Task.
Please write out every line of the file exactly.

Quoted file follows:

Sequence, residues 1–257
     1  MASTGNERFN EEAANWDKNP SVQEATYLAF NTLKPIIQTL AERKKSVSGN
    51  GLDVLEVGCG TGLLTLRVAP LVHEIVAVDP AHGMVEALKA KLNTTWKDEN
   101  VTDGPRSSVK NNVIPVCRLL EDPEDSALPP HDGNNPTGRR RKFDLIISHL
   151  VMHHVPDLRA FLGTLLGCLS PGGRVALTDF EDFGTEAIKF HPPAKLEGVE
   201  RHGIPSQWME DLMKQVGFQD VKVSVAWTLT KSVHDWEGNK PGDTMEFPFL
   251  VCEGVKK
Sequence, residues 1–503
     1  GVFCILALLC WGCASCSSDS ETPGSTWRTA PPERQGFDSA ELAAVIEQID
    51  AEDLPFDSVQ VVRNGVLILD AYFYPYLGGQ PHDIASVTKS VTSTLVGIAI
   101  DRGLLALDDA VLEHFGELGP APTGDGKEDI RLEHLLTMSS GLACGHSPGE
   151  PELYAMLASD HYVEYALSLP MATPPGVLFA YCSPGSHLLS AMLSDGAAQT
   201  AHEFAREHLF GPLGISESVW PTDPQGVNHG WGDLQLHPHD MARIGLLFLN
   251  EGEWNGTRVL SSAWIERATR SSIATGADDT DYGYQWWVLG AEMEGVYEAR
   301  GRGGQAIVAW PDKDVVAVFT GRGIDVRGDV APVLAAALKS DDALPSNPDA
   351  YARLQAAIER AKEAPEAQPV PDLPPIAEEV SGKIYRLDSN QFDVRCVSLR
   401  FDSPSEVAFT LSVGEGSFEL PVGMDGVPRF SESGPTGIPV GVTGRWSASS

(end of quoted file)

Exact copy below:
Sequence, residues 1–257
     1  MASTGNERFN EEAANWDKNP SVQEATYLAF NTLKPIIQTL AERKKSVSGN
    51  GLDVLEVGCG TGLLTLRVAP LVHEIVAVDP AHGMVEALKA KLNTTWKDEN
   101  VTDGPRSSVK NNVIPVCRLL EDPEDSALPP HDGNNPTGRR RKFDLIISHL
   151  VMHHVPDLRA FLGTLLGCLS PGGRVALTDF EDFGTEAIKF HPPAKLEGVE
   201  RHGIPSQWME DLMKQVGFQD VKVSVAWTLT KSVHDWEGNK PGDTMEFPFL
   251  VCEGVKK
Sequence, residues 1–503
     1  GVFCILALLC WGCASCSSDS ETPGSTWRTA PPERQGFDSA ELAAVIEQID
    51  AEDLPFDSVQ VVRNGVLILD AYFYPYLGGQ PHDIASVTKS VTSTLVGIAI
   101  DRGLLALDDA VLEHFGELGP APTGDGKEDI RLEHLLTMSS GLACGHSPGE
   151  PELYAMLASD HYVEYALSLP MATPPGVLFA YCSPGSHLLS AMLSDGAAQT
   201  AHEFAREHLF GPLGISESVW PTDPQGVNHG WGDLQLHPHD MARIGLLFLN
   251  EGEWNGTRVL SSAWIERATR SSIATGADDT DYGYQWWVLG AEMEGVYEAR
   301  GRGGQAIVAW PDKDVVAVFT GRGIDVRGDV APVLAAALKS DDALPSNPDA
   351  YARLQAAIER AKEAPEAQPV PDLPPIAEEV SGKIYRLDSN QFDVRCVSLR
   401  FDSPSEVAFT LSVGEGSFEL PVGMDGVPRF SESGPTGIPV GVTGRWSASS